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'I didn't want to put anyone at risk': International students staying in Ireland celebrate Christmas far from home

International students have been faced with the choice of travelling home for Christmas or staying in Ireland far from their families.

Image: Shutterstock/Derick Hudson

EVERY CHRISTMAS, TENS of thousands of students studying abroad travel around the world to visit their families and spending time at home in the break between semesters.

In colleges and universities around Ireland, international students have faced a choice this year between returning home for the break or staying put and spending the holiday far from home.

For those who have chosen to stay, the desire to avoid unnecessary risk has been at the top of their priorities.

“I’ve not gone back for Christmas in the past because of timing with college and the chaos of going home to New York during Christmas as it’s always a bit crazy, but this is the first year where I think it’s genuinely the best decision because I don’t want to put anyone at risk,” said student Maeve Harris, speaking to TheJournal.ie.

Harris is a student at Trinity College Dublin, where she studies English. Her family are in New York, which she calls home, but she chose to stay in Ireland for Christmas because of the risk posed by Covid-19 and the limited interactions she could have with her family even if she did return to New York.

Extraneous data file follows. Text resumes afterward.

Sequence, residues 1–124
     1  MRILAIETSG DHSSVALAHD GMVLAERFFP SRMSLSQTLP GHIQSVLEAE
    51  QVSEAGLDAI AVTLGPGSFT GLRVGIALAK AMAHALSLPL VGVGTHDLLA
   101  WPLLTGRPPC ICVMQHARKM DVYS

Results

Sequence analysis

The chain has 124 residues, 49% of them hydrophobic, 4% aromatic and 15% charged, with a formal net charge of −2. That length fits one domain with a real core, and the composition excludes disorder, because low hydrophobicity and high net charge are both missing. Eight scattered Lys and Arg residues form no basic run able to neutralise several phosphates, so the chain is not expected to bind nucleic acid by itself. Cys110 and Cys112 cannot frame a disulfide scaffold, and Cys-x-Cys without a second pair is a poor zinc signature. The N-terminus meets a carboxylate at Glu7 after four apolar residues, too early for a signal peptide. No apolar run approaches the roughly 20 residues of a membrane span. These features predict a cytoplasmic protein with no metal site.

shutterstock_1251160852 Christmas in New York City Source: Shutterstock/FashionStock.com

“Because both America and Ireland are in chaos with Covid-19, I didn’t want to put any of my family members or friends on either side at risk, especially because I wouldn’t get the chance to see a lot of the people I would want to see if I went home, like my grandparents who are cocooning or my stepmom who just had surgery,” she said.

Harris tested positive for Covid-19 in the summer after she had returned to Ireland, which meant she had to isolate twice – once to restrict her movements after she travelled from the US to Ireland, and again to quarantine when she had the virus, so she felt reluctant to travel and face further weeks of isolating.

“After I moved away for college, my family moved into an apartment because there are no kids at home anymore, so if I did go home, I would not only have to isolate for two weeks out of the three weeks I would be home, which would be only a week of freedom, but then we would all be in very close quarters, which is basically a recipe for disaster.”

In Galway, Erasmus student Loïc Le Henaff decided against returning to his home in France since he first received his place on the exchange. 

Le Henaff is studying literature, history and French translation in NUI Galway this year under the Erasmus programme, and he’ll be celebrating Christmas in Ireland.

Speaking to TheJournal.ie, Le Henaff said: “Since the coronavirus outbreak and my nomination for the Erasmus program, I decided not to come back to France if the situation didn’t get any better, like finding a vaccine.”

“I didn’t want to risk not coming back to Ireland,” Le Henaff said.

“However, I thought the situation in Ireland would have been better, to be honest. Before coming here, the number of cases was low in comparison to France.”